DAN HEATH Press-Republican
PLATTSBURGH — The new cafe at the Plattsburgh Farmers and Crafters Market has received an enthusiastic welcome.
Cindy Snow opened the Blue Collar Bistro this year. She serves breakfast and lunch from 8 a.m. to 2 p.m. during the Saturday market.
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The cafe, completely renovated for this season, has seating for 16.
“It’s been much busier than I expected it to be,” Snow said. “Don’t get discouraged by the line.”
OFFERS WIDE MENU
For breakfast, one choice is fresh buttermilk biscuits with maple sausage from D and D Meats, egg and cheese.
A variety of baked goods are also offered, such as strawberry cheesecake or lemon blueberry muffins.
”I’m also the queen of whoopie pies,” Snow said.
Recipes include banana with maple cream and chocolate grasshopper, she said.
Blue Collar Bistro tries to offer something for every diet type, including low-fat, low-carb and gluten-free selections.
Snow creates a variety of homemade soups using local produce and ingredients.
One recent selection was a gluten-free, dairy-free, vegan cream of cauliflower soup, made by pureeing the various ingredients to a cream-like consistency. Another popular soup is a Jamaican stew pot soup, made with okra, tomatoes, sweet potato and Bahamian thyme.
Sandwiches include a Cuban sandwich on a ciabatta roll with fresh pork loin, ham, hand-made pickle and cheese. Also popular is the New Orleans muffeletta on ciabatta roll with ham, salami, hard bologna and a green and black olive tapenade.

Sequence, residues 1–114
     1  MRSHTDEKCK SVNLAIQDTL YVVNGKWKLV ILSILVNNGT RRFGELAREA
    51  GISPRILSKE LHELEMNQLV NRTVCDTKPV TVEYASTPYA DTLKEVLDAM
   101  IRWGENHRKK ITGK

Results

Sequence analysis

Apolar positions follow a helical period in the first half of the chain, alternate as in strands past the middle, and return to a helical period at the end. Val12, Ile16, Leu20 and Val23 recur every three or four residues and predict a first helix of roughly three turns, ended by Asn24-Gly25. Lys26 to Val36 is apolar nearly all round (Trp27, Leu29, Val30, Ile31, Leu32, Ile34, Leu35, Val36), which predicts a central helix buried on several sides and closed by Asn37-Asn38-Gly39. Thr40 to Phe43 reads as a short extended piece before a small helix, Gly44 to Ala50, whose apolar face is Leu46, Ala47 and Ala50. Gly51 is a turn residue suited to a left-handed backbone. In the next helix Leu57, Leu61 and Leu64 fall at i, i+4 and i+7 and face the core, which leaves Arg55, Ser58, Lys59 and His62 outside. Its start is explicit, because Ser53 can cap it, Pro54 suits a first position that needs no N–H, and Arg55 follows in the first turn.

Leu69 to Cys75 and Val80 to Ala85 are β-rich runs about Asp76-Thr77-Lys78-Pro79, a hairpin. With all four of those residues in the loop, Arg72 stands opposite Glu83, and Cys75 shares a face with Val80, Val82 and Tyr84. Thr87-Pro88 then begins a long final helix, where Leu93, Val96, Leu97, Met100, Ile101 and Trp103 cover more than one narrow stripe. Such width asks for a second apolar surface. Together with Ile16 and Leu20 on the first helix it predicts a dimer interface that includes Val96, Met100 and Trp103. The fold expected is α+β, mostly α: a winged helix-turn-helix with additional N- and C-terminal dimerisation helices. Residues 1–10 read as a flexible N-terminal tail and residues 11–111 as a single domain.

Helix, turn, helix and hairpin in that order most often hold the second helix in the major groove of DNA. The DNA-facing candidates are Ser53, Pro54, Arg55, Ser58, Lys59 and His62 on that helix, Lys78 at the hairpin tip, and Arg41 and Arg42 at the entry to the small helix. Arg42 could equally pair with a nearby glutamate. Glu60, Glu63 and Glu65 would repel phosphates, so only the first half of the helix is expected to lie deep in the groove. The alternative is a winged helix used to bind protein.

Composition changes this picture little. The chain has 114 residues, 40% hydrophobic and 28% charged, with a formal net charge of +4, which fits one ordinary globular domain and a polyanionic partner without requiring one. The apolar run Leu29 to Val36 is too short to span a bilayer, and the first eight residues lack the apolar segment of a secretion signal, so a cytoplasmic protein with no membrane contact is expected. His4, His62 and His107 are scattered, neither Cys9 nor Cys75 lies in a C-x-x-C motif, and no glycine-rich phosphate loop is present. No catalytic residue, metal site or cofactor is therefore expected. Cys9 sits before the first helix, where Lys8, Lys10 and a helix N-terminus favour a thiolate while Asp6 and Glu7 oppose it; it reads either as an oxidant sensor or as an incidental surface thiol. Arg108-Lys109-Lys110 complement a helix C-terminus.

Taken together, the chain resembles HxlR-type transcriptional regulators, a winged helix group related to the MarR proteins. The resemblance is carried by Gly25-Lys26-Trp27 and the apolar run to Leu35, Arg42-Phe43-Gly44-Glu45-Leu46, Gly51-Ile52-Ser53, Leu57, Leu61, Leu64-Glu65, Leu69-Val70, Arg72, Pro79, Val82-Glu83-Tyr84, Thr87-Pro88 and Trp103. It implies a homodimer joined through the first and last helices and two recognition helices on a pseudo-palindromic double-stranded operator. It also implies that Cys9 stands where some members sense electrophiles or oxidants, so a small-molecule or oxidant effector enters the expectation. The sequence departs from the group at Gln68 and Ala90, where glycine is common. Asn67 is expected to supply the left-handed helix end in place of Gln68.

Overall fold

HAS OWN STYLE
Her goal is to use her spices to create layers of flavor within each dish.
“I’m not a chef. I kind of think of myself as a free-styling foodie,” Snow said.
She tries to use local products whenever possible. That includes meat from D and D Meats, honey from Dick Crawford, jams and produce from Bonnie Gonyo and maple products from the Parker Family Maple Farm.
“As the season progresses, more and more products will be available to try in my soups and sandwiches,” Snow said.
She will have her spices and rubs available to try with the various produce and meats being sold at the market.
Her family has a long history in the restaurant business. Her parents owned The Wharf in Plattsburgh in the 1970s. The family was also involved in Romeo’s, where Big Sal’s is now located on Route 22 in Plattsburgh.
Snow’s sister and nephew, Sandy and Scott Bazzano, owned Bazzano’s in Plattsburgh until they sold it. They now own Pasquale’s in Peru.
Snow also managed Carburs in downtown Plattsburgh for awhile, as well as the Green Mountain Coffee roastersa locations in Pyramid Mall and later in Champlain Centre.
She later became a certified public accountant and presently works in that capacity at Fletcher Allen Health Care.
SOLD AT MARKET
Snow had sold spices and seasonings at the market for five years prior to this season. Those sales were used to benefit the Make It Better Rx fund at Adirondack Medical Center in Saranac Lake, which helps parents with their unmet financial healthcare needs.
She was always planning to return to the farmers market, but had dropped plans to donate proceeds to charity.
”They told me about the cafe space. It was a good chance to show my spices in food,” she said.
The farmers market community is like one large family, Snow said. She said several vendors have told her they are busier now that the bistro is open, with visitors attracted by the chance to shop and dine in a new location.
Snow is assisted at the market by Sierra Bouchard and Mary Lou Craumer.
She continues to run her spice business, Snowflake Farms, from her home. The spice mixtures are available at Pray’s Farmers Market in Keeseville and the North Country Food Co-op in Plattsburgh.
Payment can be by cash or major credit card. Snow said customers can phone ahead for special orders up to the day before the market at 534-2373.
The Blue Collar Bistro also has a mobile unit. Snow said it is scheduled to be in Trinity Park during the City of Plattsburgh’s 4th of July and Mayor’s Cup fesitivities.
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